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Brexit round-up – week commencing 17 Apr 2017
Matrix’s Legal Support Service provides a weekly round-up of Brexit-related links and news.
Brexit and the UK constitution
- For The Conversation blog, Kieran Hazzard argues that Brexit shows an attempt to return to the ideology of the British empire.
The UK’s post-Brexit deal with the EU
- Theresa May has announced a snap General Election to be held on 8 June 2017. Donald Tusk’s spokesman has stated that the EU’s Brexit plans remain unchanged by this.
- Tim Bale, on The Conversation blog, argues that the election will make Brexit easier for Theresa May, increasing the number of Conservative MPs who owe their election to her, reducing reliance on ‘ultra-eurosceptics’. The Prime Minister is reportedly planning to enshrine three Brexit pledges – ending free movement, leaving the Single Market, and withdrawing from the CJEU – into the Conservative manifesto.
- Meanwhile Jeremy Corbyn has ruled out offering a second referendum on an eventual Brexit deal as part of Labour’s manifesto. Gina Miller, whose legal challenge forced the Government to seek parliamentary approval for Article 50, intends to launch a tactical voting initiative against hard Brexit.
- For the EU law analysis blog, Professor Steve Peers has written an article as a guide to the Brexit negotiations.
- Leaked documents reveal that the EU is toughening its Brexit negotiating stance following member state consultation, as it is downplaying hopes of a trade agreement before exit, demanding UK liabilities are paid in euros, and aiming to keep the UK subject to CJEU rulings. However Antonio Tajani, European Parliament president, has stated that the UK would be welcomed back to the EU if voters overturn Brexit.
- The European Commission has stated that two EU agencies, the European Medicines Agency and the European Banking Authority, which employ over 1000 people will definitely move to the continent. The Government said this decision would be a matter for the Brexit negotiations.
- The Argentinian foreign minister has stated in Brussels that Brexit might result in the UK losing EU support for its control of the Falkland Islands.
Impact of Brexit on the economy
- Deloitte has produced a report assessing the impact of the EU referendum on mergers and acquisitions activity, finding deals are still taking place.
- The IMF has revised up its UK growth forecast for the second time in three months after admitting that the performance of the economy since theBrexit vote last year had been stronger than expected. However, it has also warned that Brexit’s unpredictable outcome poses a risk to global financial stability.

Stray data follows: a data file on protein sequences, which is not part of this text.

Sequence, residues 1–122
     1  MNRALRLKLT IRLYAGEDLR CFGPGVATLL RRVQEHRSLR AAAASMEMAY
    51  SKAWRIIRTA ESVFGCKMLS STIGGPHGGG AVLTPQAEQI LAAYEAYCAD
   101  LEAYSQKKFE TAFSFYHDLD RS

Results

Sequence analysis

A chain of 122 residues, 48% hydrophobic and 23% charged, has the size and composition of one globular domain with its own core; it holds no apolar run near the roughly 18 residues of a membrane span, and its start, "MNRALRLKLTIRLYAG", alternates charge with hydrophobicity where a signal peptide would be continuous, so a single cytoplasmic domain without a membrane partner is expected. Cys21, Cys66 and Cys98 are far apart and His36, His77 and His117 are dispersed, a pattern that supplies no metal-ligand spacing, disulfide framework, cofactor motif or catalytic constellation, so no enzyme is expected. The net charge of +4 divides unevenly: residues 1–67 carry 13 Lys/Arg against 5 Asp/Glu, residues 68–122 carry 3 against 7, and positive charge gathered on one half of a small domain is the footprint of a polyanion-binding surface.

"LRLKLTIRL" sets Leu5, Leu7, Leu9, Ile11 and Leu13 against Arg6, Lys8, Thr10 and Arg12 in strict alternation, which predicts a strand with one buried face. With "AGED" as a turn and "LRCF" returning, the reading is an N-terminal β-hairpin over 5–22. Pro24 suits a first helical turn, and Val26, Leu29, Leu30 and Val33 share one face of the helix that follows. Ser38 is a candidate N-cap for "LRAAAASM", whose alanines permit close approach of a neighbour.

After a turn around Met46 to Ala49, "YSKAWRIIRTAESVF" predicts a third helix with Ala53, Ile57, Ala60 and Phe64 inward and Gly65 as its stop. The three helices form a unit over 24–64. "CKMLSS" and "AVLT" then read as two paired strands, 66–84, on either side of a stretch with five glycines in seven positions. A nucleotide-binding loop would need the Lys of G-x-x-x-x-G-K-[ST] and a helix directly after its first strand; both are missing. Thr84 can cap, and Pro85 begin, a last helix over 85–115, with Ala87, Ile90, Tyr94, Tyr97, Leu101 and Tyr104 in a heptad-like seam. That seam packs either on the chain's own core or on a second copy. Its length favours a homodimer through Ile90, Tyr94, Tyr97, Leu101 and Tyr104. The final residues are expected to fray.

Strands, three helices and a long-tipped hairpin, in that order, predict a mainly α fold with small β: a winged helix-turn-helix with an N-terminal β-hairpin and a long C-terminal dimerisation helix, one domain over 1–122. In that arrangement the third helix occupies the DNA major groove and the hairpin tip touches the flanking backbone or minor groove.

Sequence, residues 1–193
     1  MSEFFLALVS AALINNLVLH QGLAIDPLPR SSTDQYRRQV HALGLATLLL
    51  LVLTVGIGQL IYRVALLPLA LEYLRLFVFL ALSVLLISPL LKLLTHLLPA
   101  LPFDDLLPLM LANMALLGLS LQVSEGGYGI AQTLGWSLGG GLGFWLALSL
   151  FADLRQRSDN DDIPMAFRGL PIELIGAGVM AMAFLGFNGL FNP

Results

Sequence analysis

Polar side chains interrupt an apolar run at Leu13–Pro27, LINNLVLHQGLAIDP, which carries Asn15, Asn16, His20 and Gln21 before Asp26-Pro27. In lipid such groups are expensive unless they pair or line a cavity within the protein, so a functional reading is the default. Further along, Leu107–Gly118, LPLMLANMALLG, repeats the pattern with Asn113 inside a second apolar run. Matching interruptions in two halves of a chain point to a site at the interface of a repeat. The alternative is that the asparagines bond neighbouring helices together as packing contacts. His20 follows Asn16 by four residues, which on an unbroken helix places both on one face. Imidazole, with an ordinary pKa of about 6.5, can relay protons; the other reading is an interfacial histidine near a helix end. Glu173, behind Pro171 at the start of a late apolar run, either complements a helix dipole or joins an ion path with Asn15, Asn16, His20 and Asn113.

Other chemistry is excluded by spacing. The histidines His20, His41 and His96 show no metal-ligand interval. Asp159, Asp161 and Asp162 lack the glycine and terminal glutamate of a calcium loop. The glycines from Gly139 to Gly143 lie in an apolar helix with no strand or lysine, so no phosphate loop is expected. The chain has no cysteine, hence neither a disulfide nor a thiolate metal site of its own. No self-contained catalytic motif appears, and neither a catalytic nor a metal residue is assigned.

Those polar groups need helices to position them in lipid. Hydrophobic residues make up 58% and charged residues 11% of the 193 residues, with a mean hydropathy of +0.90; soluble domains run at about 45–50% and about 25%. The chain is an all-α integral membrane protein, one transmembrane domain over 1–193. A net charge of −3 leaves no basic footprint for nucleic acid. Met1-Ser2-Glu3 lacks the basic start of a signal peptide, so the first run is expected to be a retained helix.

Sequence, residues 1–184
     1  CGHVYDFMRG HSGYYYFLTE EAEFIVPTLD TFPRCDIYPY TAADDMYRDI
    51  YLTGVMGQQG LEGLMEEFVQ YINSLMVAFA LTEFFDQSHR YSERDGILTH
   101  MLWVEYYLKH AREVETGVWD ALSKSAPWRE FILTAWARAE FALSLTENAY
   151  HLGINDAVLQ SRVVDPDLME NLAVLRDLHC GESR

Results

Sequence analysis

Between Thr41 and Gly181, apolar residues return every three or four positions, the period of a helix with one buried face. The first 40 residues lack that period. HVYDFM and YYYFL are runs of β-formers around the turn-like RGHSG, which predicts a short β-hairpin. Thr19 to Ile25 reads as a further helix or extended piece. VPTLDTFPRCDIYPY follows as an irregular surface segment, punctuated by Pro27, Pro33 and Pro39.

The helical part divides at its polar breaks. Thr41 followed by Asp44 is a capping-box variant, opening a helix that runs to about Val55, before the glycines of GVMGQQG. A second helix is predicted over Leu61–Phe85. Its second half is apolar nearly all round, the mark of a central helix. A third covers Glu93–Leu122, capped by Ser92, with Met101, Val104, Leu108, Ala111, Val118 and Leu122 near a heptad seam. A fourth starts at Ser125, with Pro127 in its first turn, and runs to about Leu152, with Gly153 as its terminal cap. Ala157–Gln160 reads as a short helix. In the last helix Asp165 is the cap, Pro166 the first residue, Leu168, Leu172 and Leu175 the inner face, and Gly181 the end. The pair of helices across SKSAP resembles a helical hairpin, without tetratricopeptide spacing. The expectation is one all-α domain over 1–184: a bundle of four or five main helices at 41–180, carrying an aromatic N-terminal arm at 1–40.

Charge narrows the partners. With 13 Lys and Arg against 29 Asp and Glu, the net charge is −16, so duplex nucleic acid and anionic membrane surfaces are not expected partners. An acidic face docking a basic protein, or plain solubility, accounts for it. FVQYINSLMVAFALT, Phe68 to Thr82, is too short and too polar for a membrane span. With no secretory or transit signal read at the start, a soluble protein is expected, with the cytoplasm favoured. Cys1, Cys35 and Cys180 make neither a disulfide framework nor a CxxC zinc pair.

- The Lords’ EU Justice Sub-Committee has launched a new inquiry into the impact of Brexit upon consumer protection rights.
Brexit as it affects Practice Areas:
Competition, commercial and Regulatory
The Brexit Competition Law Working Group has published a report on the implications of Brexit for UK competition law and policy.
Norton Rose Fulbright have published a blog setting out four reasons for confidence in London remaining a popular seat of arbitration despite Brexit.
David Whincup, of Squire Patton Boggs, has written an article discussing proposals in the Great Repeal Bill white paper under which the CJEU will have influence on UK employment law post-Brexit.
The president of the European parliament, Antonio Tajani, has urged Theresa May to agree a swift deal on EU citizens.
The Independent has reported that a sharp increase in interest rates sparked by Brexit means that students and graduates will have to repay hundreds of pounds extra in student loan fees.
Denmark has built a legal case claiming that Danish fishermen’s right to fish in seas around the UK dates back to the 1400s, and plans to contest UK efforts to ‘take back control’ of fisheries post-Brexit.
In a joint letter to the Prime Minister, organisations including WWF, Greenpeace, RSPB, CAFOD and Friends of the Earth, have warned the UK Government against watering down climate change and environmental commitments during Brexit negotiations.
- The British Institute of International and Comparative Law is hosting a roundtable on Brexit, Devolution and Human Rights on 27 Apr 2017 from 14.30 until 19.30.
- This Institute is also hosting an event discussing The implications of Brexit for competition law and policy on 2 May 2017 from 13.00 until 18.00.